Can you imagine believing that you may have discovered the cure for cancer? How that must feel, to be at such an exciting juncture of medical research.
This is the situation faced by researchers around the world who are working in the field of immunotherapy.
They have been working for years on a therapy, which is showing very positive first results. Their excitement is hampered by the fact that they are finding it difficult to get funding to continue their research.
Immunotherapy is not a hippy lentil weavery alternative idea – like some people seem to think.
Immunotherapy involves engineering the body’s own immune cells to recognise a specific or multiple cancer antigen target, so that the body can seek and destroy cancer cells as it would a virus or bacteria, even if it has metastasized.
Unlike homeopathy and acupuncture, it is cutting edge science, immnotherapy researchers in academic labs publish their results in peer reviewed scientific journals.
So why is it not being funded, if it is so great? Doubter suggest that the reason for lack of funding is that it is not showing promising results.
Professor Carl June at UPenn recently published the results of a small clinical trial with advanced, refractory chronic lymphoid leukaemia. He would have treated more patients, but only had funds for three. He took immune cells (T-Cells) from the patients, modified these cells to recognise a particular cancer antigen, multiplied the cells in huge numbers, then injected them back into the patient. Dr June reported:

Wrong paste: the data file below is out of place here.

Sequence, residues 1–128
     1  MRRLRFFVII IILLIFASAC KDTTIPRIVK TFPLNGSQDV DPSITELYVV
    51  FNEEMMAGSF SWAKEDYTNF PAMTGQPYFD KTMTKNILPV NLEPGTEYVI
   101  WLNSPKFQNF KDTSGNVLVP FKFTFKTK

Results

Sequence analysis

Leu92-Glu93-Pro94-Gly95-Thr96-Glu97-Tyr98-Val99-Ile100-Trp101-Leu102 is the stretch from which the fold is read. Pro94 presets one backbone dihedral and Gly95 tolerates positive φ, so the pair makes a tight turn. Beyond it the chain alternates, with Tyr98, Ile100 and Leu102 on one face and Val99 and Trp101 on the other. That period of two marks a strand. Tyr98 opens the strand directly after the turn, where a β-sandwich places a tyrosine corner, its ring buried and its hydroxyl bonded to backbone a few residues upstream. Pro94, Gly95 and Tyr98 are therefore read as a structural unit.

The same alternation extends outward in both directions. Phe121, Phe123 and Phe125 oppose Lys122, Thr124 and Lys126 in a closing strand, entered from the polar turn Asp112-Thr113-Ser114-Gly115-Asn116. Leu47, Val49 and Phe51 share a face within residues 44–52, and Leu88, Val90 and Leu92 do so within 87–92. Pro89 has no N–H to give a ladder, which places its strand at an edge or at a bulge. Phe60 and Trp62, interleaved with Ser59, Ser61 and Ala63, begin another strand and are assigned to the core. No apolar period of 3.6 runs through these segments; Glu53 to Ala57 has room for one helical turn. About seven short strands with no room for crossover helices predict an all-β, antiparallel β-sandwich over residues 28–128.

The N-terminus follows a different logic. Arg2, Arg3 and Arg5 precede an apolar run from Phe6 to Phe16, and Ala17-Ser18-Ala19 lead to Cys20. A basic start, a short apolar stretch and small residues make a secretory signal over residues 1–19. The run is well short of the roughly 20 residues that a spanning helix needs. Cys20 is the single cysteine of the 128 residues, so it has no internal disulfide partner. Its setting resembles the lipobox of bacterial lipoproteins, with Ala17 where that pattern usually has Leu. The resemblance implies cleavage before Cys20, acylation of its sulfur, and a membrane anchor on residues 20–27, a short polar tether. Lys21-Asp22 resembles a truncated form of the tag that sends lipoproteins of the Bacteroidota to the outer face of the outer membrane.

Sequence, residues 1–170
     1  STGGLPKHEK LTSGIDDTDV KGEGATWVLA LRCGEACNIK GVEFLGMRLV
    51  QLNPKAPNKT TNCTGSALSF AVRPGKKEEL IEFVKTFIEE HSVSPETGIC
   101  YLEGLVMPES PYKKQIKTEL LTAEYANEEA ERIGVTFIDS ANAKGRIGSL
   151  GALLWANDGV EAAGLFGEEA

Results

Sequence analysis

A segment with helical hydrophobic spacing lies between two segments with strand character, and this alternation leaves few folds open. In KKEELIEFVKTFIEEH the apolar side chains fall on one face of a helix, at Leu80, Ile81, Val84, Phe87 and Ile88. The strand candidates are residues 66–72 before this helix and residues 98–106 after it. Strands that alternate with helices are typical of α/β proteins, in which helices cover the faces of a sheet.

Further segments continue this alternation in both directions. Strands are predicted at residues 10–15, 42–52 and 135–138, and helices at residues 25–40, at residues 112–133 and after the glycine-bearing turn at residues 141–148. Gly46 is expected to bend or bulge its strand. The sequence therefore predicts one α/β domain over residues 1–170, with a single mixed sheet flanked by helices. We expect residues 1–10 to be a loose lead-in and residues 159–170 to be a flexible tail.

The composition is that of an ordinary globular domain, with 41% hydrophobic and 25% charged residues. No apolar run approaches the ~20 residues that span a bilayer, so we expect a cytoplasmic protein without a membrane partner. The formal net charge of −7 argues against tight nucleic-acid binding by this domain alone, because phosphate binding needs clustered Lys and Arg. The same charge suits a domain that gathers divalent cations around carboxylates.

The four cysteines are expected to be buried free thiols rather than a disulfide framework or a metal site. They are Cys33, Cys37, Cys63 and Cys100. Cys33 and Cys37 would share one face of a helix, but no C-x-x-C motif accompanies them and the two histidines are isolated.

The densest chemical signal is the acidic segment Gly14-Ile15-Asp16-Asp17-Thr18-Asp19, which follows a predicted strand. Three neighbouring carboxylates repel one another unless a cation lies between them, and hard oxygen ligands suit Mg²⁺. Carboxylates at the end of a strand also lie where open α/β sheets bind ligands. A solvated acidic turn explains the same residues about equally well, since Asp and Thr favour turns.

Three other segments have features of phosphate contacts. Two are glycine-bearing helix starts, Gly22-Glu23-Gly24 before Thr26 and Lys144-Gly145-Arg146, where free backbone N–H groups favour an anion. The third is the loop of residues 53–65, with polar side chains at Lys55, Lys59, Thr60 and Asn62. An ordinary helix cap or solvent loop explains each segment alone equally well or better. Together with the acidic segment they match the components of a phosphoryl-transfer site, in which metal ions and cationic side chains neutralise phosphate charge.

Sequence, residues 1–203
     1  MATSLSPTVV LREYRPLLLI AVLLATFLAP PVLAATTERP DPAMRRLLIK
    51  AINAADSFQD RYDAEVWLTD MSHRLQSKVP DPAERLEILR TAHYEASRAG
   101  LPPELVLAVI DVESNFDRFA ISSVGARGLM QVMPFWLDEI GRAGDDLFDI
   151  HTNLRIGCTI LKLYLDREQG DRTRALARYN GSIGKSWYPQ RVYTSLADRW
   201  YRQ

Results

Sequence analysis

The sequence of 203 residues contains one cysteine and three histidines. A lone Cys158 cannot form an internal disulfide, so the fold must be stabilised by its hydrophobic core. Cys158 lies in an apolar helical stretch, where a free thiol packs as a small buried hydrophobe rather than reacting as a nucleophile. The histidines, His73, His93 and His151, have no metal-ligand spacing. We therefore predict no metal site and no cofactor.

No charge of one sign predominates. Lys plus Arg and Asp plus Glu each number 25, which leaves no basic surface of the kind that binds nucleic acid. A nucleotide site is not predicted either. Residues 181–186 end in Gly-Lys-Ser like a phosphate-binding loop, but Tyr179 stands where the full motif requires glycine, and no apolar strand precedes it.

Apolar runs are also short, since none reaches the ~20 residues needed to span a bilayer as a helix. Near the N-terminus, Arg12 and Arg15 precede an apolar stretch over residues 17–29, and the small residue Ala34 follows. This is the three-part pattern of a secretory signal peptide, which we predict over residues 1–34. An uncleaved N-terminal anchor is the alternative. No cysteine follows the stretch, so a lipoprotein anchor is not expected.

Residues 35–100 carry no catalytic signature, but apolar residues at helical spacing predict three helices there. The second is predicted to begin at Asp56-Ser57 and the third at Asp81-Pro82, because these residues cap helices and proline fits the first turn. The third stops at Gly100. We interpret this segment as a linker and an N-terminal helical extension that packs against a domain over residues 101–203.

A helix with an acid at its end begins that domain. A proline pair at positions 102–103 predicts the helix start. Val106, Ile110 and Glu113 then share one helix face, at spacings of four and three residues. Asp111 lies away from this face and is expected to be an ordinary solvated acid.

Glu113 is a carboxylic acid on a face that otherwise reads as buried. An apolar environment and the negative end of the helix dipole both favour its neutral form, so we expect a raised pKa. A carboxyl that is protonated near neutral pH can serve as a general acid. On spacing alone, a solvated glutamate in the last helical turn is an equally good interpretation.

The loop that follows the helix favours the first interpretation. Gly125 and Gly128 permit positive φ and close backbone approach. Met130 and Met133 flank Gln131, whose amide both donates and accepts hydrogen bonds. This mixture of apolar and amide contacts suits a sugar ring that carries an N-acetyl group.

‘We saw at least a 1000-fold increase in then number of modified T cells in each of the patients. Drugs don’t do that.
In addition to an extensive capacity for self-replication, the infused T cells are serial killers. On average, each infused T cell led to the killing of thousands of tumour cells- and overall, destroyed at least two pounds of tumour in each patient.’
As you can imagine, talk of ‘serial killer cells’ got the science world to sit up and listen, and Dr June’s research centre recently announced that the Swiss based pharma company Novartis will fund further research.
It is a good start, but they need more cash.
And this is where Ruth comes in. I have ‘known’ Ruth for several years, as an online acquaintance. We have chatted about where to go on holiday, about dodgy boilers, and parenting issues, about current affairs and feminism. Recently we have been talking a lot about charities and music.
I knew that Ruth was interested in music, but I had no idea she was phenomenally talented. She is absolutely NOT the type to go on X Factor and tell a sob story about how she has always wanted to be famous, and that if she could get through to bootcamp, she would make her nan/kids/dog proud. So when she revealed that she was recording an album, with the proceeds to go to Immunotherapy Research, I was intrigued.
Ruth has a deep personal commitment to finding a cure for cancer, so she has always kept up to date with the latest research. When she read about immunotherapy two years ago, she was amazed to find that there was no UK charity dedicated to raising money for this important research.
She is a do-er, not a wail-er, so she set about starting a charity.
And to raise funds she recorded an album, which will be released soon.
Here is a sneak preview of her album. I will keep you posted on further developments.